Getting the Roles Sorted Out
Cheeks Has Portland Blazing
After an ugly 12-month hiatus, the Trail Blazers have suddenly reemerged as championship contenders. Portland has long been one of the NBA's most talented teams, but now that talent is finally producing rebounds and defensive stops, not just points. The credit for the Blazers' resurgence goes to rookie coach Maurice Cheeks.
Cheeks took over a disgruntled team with an $84 million payroll (second only to the Knicks) that had been swept in the first round by the Lakers last season. Scottie Pippen was questioning the team's chemistry as recently as two months ago, when Cheeks was still experimenting with a variety of rotations. After staggering to a 13-18 start, the Blazers hit their stride and went on a 12-game winning streak, which ended last Saturday with a 109-106 overtime loss at Denver. That run carried Portland to a 38-25 record at week's end and sixth place in the West, 3� games behind the fourth-place Spurs.
Cheeks's approach is exemplified by his hard-earned relationship with point guard Damon Stoudamire. After Stoudamire missed seven games because of tendinitis in his right knee early in the season, he was forced to win his starting position back from Pippen. "It worked out for the best because he made me understand you're going to do it his way or you're not going to play," Stoudamire says of Cheeks. "What he did with me set the tone for the whole team."
At times Pippen handles the point and Stoudamire becomes a 5'10" shooting guard. While Bucks coach George Karl says that move by Cheeks is an indictment of Stoudamire's play-making skills, Cheeks maintains that he's been trying to find new ways to develop Stoudamire as a scorer. With his confidence renewed, Stoudamire hit a pair of last-second shots during the winning streak. "He's never once talked about anyone's weaknesses on this team," Stoudamire says. "What we focus on is handling our business, executing our offense and playing solid defense."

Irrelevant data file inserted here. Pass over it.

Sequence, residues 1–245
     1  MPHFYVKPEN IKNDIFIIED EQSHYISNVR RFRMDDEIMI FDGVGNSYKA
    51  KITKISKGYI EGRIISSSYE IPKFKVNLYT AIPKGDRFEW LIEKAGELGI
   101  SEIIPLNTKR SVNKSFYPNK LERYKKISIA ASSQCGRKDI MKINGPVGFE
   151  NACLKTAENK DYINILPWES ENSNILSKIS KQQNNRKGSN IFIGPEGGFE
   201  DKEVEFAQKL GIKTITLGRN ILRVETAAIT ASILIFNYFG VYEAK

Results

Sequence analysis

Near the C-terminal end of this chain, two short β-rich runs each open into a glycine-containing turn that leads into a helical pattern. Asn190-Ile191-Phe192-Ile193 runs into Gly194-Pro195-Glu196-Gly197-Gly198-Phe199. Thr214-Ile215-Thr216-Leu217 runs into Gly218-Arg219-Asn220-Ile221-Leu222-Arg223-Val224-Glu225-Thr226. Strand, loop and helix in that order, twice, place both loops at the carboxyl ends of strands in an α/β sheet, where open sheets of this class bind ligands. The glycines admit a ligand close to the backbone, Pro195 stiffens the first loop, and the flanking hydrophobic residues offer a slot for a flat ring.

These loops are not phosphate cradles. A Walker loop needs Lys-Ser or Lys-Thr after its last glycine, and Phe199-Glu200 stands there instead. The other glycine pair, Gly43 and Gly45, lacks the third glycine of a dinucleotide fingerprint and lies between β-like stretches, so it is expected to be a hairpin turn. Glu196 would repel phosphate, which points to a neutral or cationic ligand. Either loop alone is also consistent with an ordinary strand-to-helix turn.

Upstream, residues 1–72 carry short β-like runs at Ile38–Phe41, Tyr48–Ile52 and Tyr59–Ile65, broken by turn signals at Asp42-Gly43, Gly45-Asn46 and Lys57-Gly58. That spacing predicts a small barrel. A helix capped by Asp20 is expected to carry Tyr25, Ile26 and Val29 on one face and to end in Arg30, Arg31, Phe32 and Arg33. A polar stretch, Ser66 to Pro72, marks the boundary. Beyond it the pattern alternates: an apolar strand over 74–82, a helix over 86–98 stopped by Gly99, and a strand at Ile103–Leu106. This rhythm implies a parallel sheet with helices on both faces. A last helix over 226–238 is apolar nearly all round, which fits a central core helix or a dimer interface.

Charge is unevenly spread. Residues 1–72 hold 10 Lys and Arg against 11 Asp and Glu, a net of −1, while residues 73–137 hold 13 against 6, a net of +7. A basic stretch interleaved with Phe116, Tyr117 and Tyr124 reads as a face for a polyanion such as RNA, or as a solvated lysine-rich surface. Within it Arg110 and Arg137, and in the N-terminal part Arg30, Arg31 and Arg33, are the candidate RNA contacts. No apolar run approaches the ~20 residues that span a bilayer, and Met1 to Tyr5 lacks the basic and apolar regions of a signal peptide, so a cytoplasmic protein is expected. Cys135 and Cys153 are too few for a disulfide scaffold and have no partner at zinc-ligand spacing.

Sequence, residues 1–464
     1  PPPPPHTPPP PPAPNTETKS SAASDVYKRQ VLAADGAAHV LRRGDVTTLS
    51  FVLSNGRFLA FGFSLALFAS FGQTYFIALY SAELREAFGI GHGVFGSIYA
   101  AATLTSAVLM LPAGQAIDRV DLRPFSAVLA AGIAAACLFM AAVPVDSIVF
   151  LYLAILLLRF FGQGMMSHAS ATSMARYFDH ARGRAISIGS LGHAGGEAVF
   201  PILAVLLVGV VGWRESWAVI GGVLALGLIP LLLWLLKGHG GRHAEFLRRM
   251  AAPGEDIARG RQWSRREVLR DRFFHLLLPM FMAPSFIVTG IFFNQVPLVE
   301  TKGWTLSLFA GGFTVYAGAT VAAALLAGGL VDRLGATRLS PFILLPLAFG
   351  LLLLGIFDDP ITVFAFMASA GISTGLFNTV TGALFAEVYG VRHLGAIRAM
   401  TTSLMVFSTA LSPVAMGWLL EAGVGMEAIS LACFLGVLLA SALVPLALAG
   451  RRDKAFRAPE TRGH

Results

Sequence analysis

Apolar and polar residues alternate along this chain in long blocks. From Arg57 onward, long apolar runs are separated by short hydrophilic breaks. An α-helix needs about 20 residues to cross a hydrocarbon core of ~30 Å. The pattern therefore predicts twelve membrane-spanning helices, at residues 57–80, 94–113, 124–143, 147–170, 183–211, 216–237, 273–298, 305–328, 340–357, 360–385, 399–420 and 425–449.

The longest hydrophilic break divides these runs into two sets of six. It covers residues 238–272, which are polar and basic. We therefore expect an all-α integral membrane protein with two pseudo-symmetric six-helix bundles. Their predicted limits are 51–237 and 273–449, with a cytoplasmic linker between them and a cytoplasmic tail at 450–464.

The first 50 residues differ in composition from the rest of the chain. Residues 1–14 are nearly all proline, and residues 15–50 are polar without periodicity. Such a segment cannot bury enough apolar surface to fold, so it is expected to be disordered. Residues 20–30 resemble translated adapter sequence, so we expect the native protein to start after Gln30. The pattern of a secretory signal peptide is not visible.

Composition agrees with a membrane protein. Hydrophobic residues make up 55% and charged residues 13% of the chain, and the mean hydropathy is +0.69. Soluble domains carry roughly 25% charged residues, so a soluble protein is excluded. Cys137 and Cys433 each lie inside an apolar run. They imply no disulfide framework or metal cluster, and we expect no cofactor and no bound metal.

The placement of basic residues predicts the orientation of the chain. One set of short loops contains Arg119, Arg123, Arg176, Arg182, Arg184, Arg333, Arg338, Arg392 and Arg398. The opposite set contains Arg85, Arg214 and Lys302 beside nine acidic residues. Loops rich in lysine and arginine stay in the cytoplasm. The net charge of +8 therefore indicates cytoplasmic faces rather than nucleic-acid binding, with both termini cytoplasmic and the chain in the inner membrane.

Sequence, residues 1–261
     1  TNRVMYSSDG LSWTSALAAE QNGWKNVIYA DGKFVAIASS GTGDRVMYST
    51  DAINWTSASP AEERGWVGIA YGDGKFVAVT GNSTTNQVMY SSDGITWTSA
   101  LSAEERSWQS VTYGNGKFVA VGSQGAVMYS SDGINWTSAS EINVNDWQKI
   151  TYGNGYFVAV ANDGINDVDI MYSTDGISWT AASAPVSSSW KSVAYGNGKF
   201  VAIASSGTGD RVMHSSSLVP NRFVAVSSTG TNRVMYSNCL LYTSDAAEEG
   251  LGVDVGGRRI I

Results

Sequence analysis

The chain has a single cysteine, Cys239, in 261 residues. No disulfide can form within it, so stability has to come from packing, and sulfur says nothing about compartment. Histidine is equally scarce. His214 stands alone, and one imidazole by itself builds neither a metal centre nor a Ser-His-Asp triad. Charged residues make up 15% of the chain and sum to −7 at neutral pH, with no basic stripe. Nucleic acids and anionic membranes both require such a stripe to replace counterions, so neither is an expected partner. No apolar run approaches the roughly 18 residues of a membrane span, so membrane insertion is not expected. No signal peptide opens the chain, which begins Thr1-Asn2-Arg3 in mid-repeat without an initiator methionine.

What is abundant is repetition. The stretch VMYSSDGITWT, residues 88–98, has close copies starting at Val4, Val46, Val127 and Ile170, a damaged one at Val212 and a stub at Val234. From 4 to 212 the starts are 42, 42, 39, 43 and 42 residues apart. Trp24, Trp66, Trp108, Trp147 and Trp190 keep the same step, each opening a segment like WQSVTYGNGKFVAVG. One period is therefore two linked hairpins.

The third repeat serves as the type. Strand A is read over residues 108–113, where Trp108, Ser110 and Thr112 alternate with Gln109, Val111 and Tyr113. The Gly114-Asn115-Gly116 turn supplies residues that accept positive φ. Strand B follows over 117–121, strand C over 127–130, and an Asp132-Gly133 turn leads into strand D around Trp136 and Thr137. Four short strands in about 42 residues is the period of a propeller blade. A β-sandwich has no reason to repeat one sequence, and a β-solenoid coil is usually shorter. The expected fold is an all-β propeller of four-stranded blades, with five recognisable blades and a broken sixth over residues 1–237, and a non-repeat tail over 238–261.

Cheeks understands how to lay a solid foundation and build on it. He was a second-round draft pick out of West Texas State who played point guard for 15 years, steering the 76ers to the 1983 title. He made his coaching debut as a CBA assistant before spending the last seven years on the Philadelphia bench, where he helped Larry Brown reach the 2001 Finals.
Watching Brown work through his relationship with Allen Iverson instructed Cheeks in the art of managing players. He had to persuade swingman Derek Anderson to accept playing 20 minutes off the bench. "It's been hard, but he's made it easier for me to accept," says Anderson. "He had to find out if guys were going to sacrifice for the team. When he stuck to his guns, everybody realized we've got to do what he says."
Circumstances have contributed to the new-found happiness in Portland. The retirement of Arvydas Sabon-is opened up a starting position for 6'11" Dale Davis, who, while not a true center, had helped the Blazers become, at week's end, the NBA's third best team in rebounding margin. The bench, which used to be filled with unused and unhappy veterans-including Davis—is now the domain of rookies Ruben Boumtje-Boumtje and Zach Randolph. Cheeks also feels none of the pressure to play Shawn Kemp that team president Bob Whitsitt applied to coach Mike Dunleavy last season. Whitsitt says he worked with Cheeks to "define the roles for Maurice the way he wanted them defined."
With Rasheed Wallace responding to Cheeks's demand that he carry the scoring load (through Sunday, Portland was 20-2 when he scored 23 points or more) and the Blazers playing as a unit, Portland is poised to seize a postseason opportunity if the Lakers stumble. The Blazers' recent ascent and the hard knocks they've taken along the way have proved to them they don't need home court advantage. "It wasn't easy?' Cheeks says. "I had never been a head coach before. I told the guys I may make some mistakes; so you live with my mistakes, and I'll live with yours."
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